It's not unheard of for Lake County villages to alert residents about the potential for snowplows smashing their curbside mailboxes, but Grayslake is continuing a tradition with a different kind of reminder.
Grayslake this week rekindled its request for residents to not allow portable basketball hoops to remain on any public rights of way in the winter.
Deputy Village Manager Derek Soderholm said Friday that while there never have been any major problems, officials decided the reminder was necessary after noticing "more and more hoops were being located near the street creating a problem for snow removal operations."
"To ensure all village streets and sidewalks remain safe for residents this winter season," reads the message in a prominent spot on Grayslake's website, "we ask for residents' cooperation in removing their portable basketball hoop from the parkway."
Although curbside mailboxes and snowplows are typically addressed by villages in policies or messages to residents, Soderholm said he's not aware of similar requests regarding basketball hoops by other nearby Lake County municipalities. The portable basketball systems have a wide price range from less than $100 to at least $1,000.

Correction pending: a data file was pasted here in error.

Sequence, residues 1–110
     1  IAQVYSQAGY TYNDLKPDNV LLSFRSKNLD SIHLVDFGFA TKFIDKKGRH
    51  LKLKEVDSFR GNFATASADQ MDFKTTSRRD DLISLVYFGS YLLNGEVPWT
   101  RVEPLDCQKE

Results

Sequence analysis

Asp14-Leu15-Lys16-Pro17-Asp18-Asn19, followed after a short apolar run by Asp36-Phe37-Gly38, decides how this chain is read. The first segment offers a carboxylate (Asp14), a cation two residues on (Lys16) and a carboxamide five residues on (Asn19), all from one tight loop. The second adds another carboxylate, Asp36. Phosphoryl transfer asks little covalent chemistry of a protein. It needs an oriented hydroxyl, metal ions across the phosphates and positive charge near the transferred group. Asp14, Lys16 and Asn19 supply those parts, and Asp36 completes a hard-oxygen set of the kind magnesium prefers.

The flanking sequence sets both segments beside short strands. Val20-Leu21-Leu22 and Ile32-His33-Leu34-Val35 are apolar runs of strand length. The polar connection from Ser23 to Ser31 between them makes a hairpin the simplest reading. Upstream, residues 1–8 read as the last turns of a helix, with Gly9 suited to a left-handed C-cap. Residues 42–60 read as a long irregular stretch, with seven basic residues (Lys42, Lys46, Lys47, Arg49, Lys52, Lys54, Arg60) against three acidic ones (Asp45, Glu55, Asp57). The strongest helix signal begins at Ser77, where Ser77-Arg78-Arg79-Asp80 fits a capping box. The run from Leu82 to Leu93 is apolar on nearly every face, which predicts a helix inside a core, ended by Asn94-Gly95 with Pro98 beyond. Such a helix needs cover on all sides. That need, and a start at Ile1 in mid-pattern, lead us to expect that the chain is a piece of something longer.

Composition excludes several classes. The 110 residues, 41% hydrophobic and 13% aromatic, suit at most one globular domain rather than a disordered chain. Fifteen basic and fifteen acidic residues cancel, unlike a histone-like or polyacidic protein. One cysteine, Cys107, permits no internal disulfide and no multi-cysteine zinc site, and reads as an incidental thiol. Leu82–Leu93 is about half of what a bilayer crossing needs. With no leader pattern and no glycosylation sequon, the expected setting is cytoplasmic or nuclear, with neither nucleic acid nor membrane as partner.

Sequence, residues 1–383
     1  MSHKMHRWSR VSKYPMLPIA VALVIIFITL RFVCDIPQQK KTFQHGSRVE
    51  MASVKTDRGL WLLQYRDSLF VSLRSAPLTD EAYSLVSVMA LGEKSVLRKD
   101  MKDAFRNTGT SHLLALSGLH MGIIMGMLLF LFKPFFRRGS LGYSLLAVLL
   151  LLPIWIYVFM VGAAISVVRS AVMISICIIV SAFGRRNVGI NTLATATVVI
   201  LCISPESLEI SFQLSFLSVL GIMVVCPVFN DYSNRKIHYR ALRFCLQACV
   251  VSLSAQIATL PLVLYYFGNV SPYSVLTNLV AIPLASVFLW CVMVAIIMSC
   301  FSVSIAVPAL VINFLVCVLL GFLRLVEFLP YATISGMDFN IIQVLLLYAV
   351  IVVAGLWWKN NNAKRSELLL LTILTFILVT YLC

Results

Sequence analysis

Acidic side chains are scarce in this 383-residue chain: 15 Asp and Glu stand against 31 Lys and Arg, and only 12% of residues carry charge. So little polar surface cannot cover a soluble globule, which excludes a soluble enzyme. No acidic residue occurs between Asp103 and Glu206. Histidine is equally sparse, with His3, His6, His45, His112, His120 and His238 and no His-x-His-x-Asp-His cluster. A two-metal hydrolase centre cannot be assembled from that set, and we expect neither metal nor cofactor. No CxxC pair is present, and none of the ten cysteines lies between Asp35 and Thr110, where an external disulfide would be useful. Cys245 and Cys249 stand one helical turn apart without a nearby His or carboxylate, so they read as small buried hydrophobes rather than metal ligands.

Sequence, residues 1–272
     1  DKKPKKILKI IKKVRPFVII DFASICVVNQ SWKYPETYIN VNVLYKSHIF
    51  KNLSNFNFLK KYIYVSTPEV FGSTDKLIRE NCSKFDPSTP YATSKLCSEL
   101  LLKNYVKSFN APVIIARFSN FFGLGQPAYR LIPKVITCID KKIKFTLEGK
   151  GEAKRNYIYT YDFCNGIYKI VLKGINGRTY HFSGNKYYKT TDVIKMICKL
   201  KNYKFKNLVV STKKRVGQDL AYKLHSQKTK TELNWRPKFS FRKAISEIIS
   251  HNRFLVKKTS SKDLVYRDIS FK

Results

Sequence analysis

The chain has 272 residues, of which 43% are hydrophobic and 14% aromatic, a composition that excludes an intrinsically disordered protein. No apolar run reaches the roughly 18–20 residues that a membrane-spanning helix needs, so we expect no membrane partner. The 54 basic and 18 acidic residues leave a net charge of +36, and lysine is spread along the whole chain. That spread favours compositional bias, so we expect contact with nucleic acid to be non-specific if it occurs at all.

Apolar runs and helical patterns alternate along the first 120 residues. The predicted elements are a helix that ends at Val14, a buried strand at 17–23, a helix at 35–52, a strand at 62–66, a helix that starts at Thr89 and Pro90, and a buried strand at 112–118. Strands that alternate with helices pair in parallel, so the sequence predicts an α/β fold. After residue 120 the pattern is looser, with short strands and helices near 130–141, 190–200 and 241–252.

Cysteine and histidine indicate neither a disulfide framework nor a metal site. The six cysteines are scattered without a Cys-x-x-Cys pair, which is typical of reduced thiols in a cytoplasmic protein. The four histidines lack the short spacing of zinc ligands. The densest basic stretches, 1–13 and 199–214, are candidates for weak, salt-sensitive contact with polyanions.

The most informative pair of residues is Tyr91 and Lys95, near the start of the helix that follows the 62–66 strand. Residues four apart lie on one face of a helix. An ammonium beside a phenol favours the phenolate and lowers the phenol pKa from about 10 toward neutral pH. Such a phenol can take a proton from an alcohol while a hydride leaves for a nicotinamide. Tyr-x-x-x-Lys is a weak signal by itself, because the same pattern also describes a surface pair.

Cities in Maine, Pennsylvania, Ohio and some other states have started issuing warnings about how the portable backboards and hoops should be in a proper spot in the winter.
Mifflinburg, Pa. -- in the Susquehanna River Valley between State College and Lewisburg -- is not as gentle as Grayslake in its directive about the basketball hoops.
"Please keep your basketball hoops out of the streets and alleys!" says Mifflinburg's winter message to residents. "We can't say it any simpler than that. Residents continue to place portable and in some cases permanent basketball posts and hoops within the municipal street right of way. This is illegal and it can be dangerous. We have dragged these hoops with the snowplows and torn them apart with the leaf box. You have been informed and you are liable for personal injury and property damage that result from the placement of unauthorized property within a municipal right of way. Thank you for your attention to this matter."
Grayslake Mayor Rhett Taylor said the village is trying to be proactive in its basketball hoop message.
"I've personally never received a complaint about it," Taylor said.